Liquidate A Hoarder House

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Liquidate a Hoarder House

To date, I have liquidated the contents of four entire “hoarder” houses and dozens of apartments (deadbeat tenants often walk out leaving a lot if not everything behind!).  One house was so packed, I had to work from within two garbage cans to make enough room just to get in the front door!

The biggest problem with liquidating the contents of any living space is separating trash from treasure in a reasonable amount of time.  

The #hoarder house above took THREE MONTHS full time and 100 yards of dumpsters.  I made about $15,000 running weekend tag sales myself. I am sure a lot of valuable books, records, and who-knows-what-else went out into the dumpsters because I needed to empty the place and renovate it to sell.  And the Big Crash was just about to happen, so time, as it turned out, became very, very important.

Can you spot the treasures in this photo? See details below.

So…first step: Take a laptop into the space, log onto eBay, and search the “Sold” value of anything you think might be valuable.  Simply name the article (including the brand name helps) and in the left column, where #eBay lets you choose price ranges and locations, click the “Sold” choice.  This gives you results of similar items that have actually been sold recently. Basing your value estimate on asking prices is risky since people often ask for a lot more than the price for which they finally settle.  Take these items out on the lawn on a warm weekend and sell them off in a yard sale (after you check with local municipal ordinances).

Don’t immediately discount the used clothes.  Often these can prove to be quite desirable as vintage fashion is highly desirable – especially women’s dresses and coats, costume jewelry, custom-made men’s suits, and almost anything with an embroidered emblem or name – like a golf shirt.

During that yard sale, you may get people who want to see the rest of the goods or even the property itself – if it is for sale or rent.  The ones that come really early in the morning are the #pickers who will try to rob you blind. You can often make quick, take-it-all-or-else deals with them, and if you know what the stuff is worth, you can deal wisely. If you’d rather not sell to pickers, politely tell them, “Come back in the afternoon.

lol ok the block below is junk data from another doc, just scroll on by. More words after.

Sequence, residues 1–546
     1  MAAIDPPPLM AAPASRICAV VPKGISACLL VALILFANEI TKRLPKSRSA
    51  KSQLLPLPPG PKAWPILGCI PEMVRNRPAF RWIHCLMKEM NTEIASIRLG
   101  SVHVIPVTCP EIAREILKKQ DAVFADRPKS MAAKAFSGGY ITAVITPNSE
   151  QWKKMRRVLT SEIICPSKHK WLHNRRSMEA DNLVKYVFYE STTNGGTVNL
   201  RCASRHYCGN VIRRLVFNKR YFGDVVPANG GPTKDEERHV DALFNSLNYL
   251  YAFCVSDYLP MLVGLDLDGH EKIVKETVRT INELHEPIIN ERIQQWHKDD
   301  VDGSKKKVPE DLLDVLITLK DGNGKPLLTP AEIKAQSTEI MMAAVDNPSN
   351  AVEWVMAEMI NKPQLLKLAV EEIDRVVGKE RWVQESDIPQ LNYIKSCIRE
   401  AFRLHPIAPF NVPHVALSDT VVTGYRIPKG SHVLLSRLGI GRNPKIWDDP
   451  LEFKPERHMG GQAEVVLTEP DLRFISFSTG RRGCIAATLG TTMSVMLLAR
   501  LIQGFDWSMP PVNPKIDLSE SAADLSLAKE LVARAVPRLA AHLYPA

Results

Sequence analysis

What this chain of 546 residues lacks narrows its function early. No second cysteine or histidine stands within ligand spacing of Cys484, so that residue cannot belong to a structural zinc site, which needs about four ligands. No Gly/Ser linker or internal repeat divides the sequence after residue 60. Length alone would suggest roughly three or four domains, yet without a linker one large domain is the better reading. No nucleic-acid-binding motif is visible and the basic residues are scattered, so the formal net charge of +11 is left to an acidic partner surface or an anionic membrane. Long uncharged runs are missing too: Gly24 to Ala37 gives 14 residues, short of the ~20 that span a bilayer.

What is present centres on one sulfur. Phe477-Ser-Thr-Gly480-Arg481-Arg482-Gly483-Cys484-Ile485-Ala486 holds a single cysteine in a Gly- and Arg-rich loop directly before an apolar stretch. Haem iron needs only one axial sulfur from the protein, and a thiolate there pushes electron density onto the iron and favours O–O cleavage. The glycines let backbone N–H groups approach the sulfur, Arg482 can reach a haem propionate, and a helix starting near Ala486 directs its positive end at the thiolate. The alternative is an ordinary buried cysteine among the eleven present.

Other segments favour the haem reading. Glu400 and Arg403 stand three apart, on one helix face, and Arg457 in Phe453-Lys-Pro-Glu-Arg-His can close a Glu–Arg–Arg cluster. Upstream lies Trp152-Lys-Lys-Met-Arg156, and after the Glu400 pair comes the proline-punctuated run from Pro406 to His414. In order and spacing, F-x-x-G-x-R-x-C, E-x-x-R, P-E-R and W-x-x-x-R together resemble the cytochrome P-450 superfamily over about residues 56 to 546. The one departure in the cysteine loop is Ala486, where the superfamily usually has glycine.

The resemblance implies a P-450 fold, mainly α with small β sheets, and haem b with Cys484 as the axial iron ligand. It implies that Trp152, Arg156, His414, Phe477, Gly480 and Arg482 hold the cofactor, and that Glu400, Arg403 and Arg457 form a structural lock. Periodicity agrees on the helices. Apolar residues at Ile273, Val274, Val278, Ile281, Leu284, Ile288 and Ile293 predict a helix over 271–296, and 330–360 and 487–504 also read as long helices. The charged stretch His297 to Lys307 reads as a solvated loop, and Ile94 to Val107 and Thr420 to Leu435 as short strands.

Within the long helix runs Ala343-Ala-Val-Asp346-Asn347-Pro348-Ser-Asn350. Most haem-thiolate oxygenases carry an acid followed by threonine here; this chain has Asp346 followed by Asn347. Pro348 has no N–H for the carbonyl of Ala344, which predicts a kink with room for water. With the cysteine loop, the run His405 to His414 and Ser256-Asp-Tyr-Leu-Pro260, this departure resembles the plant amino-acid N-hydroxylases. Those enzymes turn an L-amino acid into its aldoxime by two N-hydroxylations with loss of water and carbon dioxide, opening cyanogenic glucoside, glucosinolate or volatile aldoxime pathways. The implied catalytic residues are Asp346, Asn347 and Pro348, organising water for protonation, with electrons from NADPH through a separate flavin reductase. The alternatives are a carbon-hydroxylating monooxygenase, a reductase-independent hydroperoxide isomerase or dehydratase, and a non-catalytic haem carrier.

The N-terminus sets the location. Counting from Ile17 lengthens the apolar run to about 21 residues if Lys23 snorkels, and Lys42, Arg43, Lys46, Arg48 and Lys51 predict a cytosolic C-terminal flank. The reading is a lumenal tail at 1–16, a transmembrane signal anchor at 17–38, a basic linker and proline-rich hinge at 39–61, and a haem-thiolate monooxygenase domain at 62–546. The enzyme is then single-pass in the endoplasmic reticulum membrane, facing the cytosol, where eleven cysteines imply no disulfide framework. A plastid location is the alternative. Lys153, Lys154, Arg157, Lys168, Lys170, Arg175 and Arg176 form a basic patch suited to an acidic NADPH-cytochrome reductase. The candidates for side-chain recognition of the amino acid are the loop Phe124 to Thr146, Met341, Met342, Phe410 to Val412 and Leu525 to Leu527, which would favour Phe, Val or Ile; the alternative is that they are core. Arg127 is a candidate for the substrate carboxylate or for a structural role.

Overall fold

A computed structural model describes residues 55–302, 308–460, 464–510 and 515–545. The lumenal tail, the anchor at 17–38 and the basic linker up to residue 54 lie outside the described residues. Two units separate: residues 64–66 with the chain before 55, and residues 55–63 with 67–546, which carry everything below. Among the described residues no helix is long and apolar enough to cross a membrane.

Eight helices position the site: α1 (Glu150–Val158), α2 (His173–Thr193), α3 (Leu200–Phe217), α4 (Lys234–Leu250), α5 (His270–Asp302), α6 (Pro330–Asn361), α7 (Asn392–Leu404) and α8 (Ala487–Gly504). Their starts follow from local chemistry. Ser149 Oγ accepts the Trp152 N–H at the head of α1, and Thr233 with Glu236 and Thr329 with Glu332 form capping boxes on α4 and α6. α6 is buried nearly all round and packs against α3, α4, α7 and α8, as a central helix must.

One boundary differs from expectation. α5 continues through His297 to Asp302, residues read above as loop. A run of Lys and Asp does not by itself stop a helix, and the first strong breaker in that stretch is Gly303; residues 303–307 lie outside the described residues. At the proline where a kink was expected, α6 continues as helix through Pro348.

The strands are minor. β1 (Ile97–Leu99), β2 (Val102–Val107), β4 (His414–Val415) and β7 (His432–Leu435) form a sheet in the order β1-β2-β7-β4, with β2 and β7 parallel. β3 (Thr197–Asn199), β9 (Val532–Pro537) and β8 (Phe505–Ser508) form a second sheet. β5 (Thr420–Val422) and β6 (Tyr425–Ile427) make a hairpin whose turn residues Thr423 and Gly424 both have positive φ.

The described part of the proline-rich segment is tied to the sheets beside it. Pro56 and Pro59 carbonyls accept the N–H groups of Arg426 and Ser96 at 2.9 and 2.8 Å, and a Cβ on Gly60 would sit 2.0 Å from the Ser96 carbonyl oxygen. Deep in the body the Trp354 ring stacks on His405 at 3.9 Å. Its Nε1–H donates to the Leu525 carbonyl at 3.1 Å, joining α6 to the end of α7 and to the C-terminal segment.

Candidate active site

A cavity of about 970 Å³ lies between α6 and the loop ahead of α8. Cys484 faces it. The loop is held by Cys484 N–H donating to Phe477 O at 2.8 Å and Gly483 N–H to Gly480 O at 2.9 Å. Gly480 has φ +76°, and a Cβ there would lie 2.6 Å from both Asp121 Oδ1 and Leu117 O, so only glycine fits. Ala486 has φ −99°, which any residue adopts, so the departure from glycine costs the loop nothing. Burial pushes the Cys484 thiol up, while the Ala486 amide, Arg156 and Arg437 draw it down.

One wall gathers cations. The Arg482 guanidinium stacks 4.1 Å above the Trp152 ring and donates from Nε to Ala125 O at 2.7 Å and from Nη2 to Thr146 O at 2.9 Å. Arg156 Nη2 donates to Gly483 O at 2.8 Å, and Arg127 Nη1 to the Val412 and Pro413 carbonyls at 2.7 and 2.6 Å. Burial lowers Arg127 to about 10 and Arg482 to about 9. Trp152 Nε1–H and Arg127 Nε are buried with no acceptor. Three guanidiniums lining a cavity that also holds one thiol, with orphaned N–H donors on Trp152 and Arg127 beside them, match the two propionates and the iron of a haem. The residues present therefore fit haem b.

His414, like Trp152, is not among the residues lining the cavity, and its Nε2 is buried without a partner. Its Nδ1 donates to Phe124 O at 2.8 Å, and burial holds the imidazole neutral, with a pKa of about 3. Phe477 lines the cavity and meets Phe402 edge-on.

This antique marble clock sold for $50. A disappointment.

”  They never will.


If you do let anyone go into the property while running a yard sale, get a volunteer or two as needed, to stay in the space(s) while you do the cash outside.  I’ve found that given the opportunity, some browsers will try to pocket stuff. In the later days, you can just let them steal as they will be doing you a favor by reducing the rubbish load.  By then, you are nearing the costly phase of cleaning out a dwelling.

Three rare antique radios. All three old for a lousy $20.

Once you’ve gotten the valuables and even remotely desirable items liquidated, now comes the costly part. Hire a junk remover and pay by the truckload to haul it off.  Of, get a truck that can hold a good load of stuff. I like the Home Depot’s $19.95 you drive vans and pickups because they are quick and easy, lowest cost and not the kind of hassle you get at the large outfits that combine storage cubicles with truck rentals.  

If you need some help, trade some goods with friends or offer to pay. For larger jobs, you can also a pair of day laborers. They prefer to work in pairs for safety, and their price ranges from $110-$150 per person, per 7 hour day.  Most day workers start early – 8AM or so and like to finish by 4PM. When negotiating price, you can make friends and get better help by offering to buy a hot lunch. They will usually know where to buy the best lunches at the best prices.  It helps if you speak some Spanish, but many day workers speak enough English and if you speak English slowly and use common gestures you can get by.

Start early in the morning by taking your workers the loaded truck to the municipal dump where the day workers will throw the stuff into the appropriate bins.  If your municipality does not accept such refuse, look into a local Waste Management facility. They charge a minimum flat rate of about $180 per ton (a large van full of junk) and you weigh the truck as you enter and after you leave to determine the fee.

Did you pick this one? Bravo! This breakfront turned out to be a rare period antique and sold to a picker for $2,500!

Maybe, just maybe, you’ll find a treasure or two.  A great mid-century Karl Springer coffee table or the #Sex Pistols’ “God Save the Queen” and you might make enough to pay for the workers and buy the truck.  Best of luck!

By George Avgerakis

George started writing professionally at 16 with an interview of Ray Charles. He founded a leading NYC multilingual…

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